# [EM] Smith//3Score (was MAM vs Schulze)

Forest Simmons fsimmons at pcc.edu
Sun Oct 9 15:19:03 PDT 2016

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> Now, how do we adapt this to general rankings? We assume that equal top
> rankings and equal bottom or multiple truncations are allowed.
>
> For each ballot on which a candidate is ranked above bottom but below top
> that candidate receives one point.  For each ballot on which the candidate
> is ranked top or equal top that candidate receives two points.
>
> The Smith candidate with the greatest number of points wins.
>
> [End of definition]
>
> Note that the method does satisfy CD unlike Smith//ImplicitApproval.
> Jameson's idea of three slot scores makes it work.
>
> How does it do on burial?
>

Note that for three candidates and complete rankings the method is just
Smith//Borda.  But Smith//Borda is extremely clone dependent.  The three
category (top, middle, bottom) point system is key to making the method
clone proof.

For public proposal it is important to have a non-cryptic definition of
Smith.

The smallest set each of whose members pairwise beats every candidate
outside the set is succinct, but probably (by itself) too cryptic for the

I think the idea of a beat-path is very intuitive.  I remember that ten or
fifteen years ago Michael said that he had success explaining Schulze to
various people on the street from the beat-path perspective.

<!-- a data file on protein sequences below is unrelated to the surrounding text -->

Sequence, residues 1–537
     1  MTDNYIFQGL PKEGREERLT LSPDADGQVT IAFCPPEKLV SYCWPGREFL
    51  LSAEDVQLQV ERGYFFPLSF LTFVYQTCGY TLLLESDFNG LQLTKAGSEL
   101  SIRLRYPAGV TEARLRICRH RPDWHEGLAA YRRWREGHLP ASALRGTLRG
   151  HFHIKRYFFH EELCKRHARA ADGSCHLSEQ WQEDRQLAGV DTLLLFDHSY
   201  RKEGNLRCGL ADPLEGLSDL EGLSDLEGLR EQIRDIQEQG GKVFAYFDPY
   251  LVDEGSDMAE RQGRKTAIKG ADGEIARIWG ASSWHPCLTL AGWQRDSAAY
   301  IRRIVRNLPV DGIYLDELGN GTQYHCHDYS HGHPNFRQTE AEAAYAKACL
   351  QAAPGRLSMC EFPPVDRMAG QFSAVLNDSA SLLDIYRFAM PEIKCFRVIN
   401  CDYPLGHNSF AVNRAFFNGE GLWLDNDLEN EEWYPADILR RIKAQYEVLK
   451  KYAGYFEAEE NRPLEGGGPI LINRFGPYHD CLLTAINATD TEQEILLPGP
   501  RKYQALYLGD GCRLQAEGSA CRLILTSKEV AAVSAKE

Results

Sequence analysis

If A beats B beats C beats D, then that chain of defeats is called a
beat-path from A to D.

The human brain is adept at generalizing this kind of definition to a path
with more or fewer steps..

For the purpose of defining the Smith set we don't even need to talk about
the strength of a beat-path.

Candidate X is a member of Smith iff for each candidate Y (other than X
itself), there is a beat-path from X to Y.

In typical public elections we expect Smith to be a cycle of three.  In
that case Smith//3Score is the same as Max Covering 3Score.  In general the
latter is preferable because no matter how large Smith may be it continues
to elect an uncovered candidate.

For public consumption it is mainly a question of ease of understanding.

Which is easier to understand a sequence of successive pairwise defeats or
a covering relation.

Another way to elect the same candidate when the top cycle has only three
members is to list the candidates by their point totals (highest total at
the top of the list) and starting with the bottom candidate move up the
list replacing pairwise losers with winners.

In other words the winner will be the highest listed candidate that beats
both the champion from below and every (if any) candidate above it in the
list.

I would be perfectly happy with any of these proposals, though there is an
obvious soft spot in my heart for the covering version.

Another reason I like the covering version is that various strengthenings
of the covering relation can be put to good use to refine this method.
More on that in another post.

Forest
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